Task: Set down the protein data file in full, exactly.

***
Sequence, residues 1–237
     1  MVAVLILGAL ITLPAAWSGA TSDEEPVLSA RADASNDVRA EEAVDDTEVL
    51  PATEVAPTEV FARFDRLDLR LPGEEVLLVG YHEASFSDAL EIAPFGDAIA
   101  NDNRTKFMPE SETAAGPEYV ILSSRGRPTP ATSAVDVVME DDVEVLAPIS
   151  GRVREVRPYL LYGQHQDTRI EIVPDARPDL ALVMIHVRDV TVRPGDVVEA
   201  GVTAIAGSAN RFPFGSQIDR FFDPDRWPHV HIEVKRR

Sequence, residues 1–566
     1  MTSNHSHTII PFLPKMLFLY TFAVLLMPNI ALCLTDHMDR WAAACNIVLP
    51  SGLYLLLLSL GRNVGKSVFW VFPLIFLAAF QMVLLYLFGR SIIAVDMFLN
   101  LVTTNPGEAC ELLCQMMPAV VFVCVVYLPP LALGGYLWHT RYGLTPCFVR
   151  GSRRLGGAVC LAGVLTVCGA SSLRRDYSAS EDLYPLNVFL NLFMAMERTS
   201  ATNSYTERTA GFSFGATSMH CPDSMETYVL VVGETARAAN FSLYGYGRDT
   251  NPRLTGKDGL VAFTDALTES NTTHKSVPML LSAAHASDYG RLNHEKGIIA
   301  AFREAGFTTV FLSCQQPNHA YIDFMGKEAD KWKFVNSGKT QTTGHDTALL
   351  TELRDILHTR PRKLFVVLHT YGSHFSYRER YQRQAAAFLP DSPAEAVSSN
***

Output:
Sequence, residues 1–237
     1  MVAVLILGAL ITLPAAWSGA TSDEEPVLSA RADASNDVRA EEAVDDTEVL
    51  PATEVAPTEV FARFDRLDLR LPGEEVLLVG YHEASFSDAL EIAPFGDAIA
   101  NDNRTKFMPE SETAAGPEYV ILSSRGRPTP ATSAVDVVME DDVEVLAPIS
   151  GRVREVRPYL LYGQHQDTRI EIVPDARPDL ALVMIHVRDV TVRPGDVVEA
   201  GVTAIAGSAN RFPFGSQIDR FFDPDRWPHV HIEVKRR

Sequence, residues 1–566
     1  MTSNHSHTII PFLPKMLFLY TFAVLLMPNI ALCLTDHMDR WAAACNIVLP
    51  SGLYLLLLSL GRNVGKSVFW VFPLIFLAAF QMVLLYLFGR SIIAVDMFLN
   101  LVTTNPGEAC ELLCQMMPAV VFVCVVYLPP LALGGYLWHT RYGLTPCFVR
   151  GSRRLGGAVC LAGVLTVCGA SSLRRDYSAS EDLYPLNVFL NLFMAMERTS
   201  ATNSYTERTA GFSFGATSMH CPDSMETYVL VVGETARAAN FSLYGYGRDT
   251  NPRLTGKDGL VAFTDALTES NTTHKSVPML LSAAHASDYG RLNHEKGIIA
   301  AFREAGFTTV FLSCQQPNHA YIDFMGKEAD KWKFVNSGKT QTTGHDTALL
   351  TELRDILHTR PRKLFVVLHT YGSHFSYRER YQRQAAAFLP DSPAEAVSSN